• Eric, I am not saying that you are wrong that men have sometimes been the butt of jokes, but any alleged mistreatment of men still pales in comparison to the oppression of women throughout history. Recall that the good ol’ days when “fathers and men in general were respected” also came with a heavy price tag for many, including gay men and anyone who fell out of line with societal norms — not to mention the price women paid.
        You aren’t saying that Eric is wrong, you’re saying that “while thing have been a little inconvenient for men sometimes, women have it worse”.

        As a higher education administrator I have spoken with many students who present a version of this same argument. Your response (and that of my students) is understandable, but it reinforces the point I am making: we (men) have benefited for so long from our privilege that to call us out at all immediately illicits a defensive response. It goes something like this: “You are telling me my macho behavior makes you uncomfortable? What’s your problem? What’s wrong with me being macho? Can’t a guy be a guy anymore?”
        I don’t think that is what Eric is saying. But I think you are helping prove his point by saying his observations are just a knee jerk reaction to have some supposed male privilege called out. Its the classic defense. “You don’t think I’m correct? You’re just denying your male privilege.”

  2. Excellent perspectives from Mr. Folan. Very insightful and I have just shared with our Student Services Team. He brings a unique perspective; one that will likely grow as he continues to reflect his thought leadership in the area of men/masculinity in the coming years. Well done.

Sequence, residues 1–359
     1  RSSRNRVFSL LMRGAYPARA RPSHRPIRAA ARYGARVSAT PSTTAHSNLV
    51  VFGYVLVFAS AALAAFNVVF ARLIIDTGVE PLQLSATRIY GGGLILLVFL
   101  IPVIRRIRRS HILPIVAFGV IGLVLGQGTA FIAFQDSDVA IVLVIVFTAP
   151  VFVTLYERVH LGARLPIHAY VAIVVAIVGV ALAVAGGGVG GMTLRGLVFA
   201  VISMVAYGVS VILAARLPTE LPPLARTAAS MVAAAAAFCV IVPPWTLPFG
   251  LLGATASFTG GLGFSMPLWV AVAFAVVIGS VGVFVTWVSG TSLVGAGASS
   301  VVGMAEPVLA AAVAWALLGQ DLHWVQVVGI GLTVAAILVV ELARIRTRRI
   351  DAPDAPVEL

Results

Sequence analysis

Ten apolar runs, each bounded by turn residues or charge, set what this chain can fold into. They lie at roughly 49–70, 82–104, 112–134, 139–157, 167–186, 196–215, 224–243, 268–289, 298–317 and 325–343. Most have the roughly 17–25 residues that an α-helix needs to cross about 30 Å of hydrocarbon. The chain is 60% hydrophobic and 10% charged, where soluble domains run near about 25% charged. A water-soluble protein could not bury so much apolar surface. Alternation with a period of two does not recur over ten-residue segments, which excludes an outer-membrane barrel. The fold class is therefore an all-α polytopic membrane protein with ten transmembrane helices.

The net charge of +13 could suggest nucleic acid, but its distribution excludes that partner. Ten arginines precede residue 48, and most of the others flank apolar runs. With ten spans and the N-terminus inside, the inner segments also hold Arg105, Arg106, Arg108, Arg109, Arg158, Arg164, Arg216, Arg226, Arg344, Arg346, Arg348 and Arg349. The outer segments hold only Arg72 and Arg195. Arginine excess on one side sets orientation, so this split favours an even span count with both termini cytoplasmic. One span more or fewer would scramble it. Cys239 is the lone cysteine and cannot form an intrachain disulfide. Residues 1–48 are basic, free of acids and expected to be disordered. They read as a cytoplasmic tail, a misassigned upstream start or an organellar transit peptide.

3. Mary Thompson-Jones says:

    This is a finely written and very accessible article for those who are new to this issue. I was marginally aware of some of the concerns Peter Folan addresses, but reading his distillation of current thought on this topic, along with his own, very well-informed perspective, gave me needed background on a question that is important on every campus. A nice contribution to the field.

  4. I read this article and was like wow that is dead on. That totally described my college experience, then I saw that the author is from Boston College. I graduated BC in 2010 lol

  5. Just too bad the article claims repeatedly that the notion of masculinity it is build / perpetuated (only) by men, where as women have a well / much an impact on it.

  6. We need to have a system in place for boys and men to help them find mentors and conversation partners to engage in authentic dialogue about their lives as men and the concept of masculinity.
    I agree. Someone should set up groups and centers on college campuses in an effort to connect with these guys. Give them a place to come to for help and bonding, and unravel this wicked web.

    Well at least that sounds like a good idea but for some odd reason whenever someone tries to form one of these groups on a campus they tend to be protested on the premise (but with no direct evidence) that they are hives of anti-woman sentiment. And then you have the folks that say that if such efforts don’t reach out to women they are being irresponsible.

  7. Hank Vandenburgh says:

    I think the issue is that male jobs have been shipped to Asia, so men start to seem redundant even to themselves. Women are more malleable for the administration and service job markets that remain. Men are much more likely to be points of resistance and pushback. So, ironically, feminism supports the 1% by helping rationalize the labor force.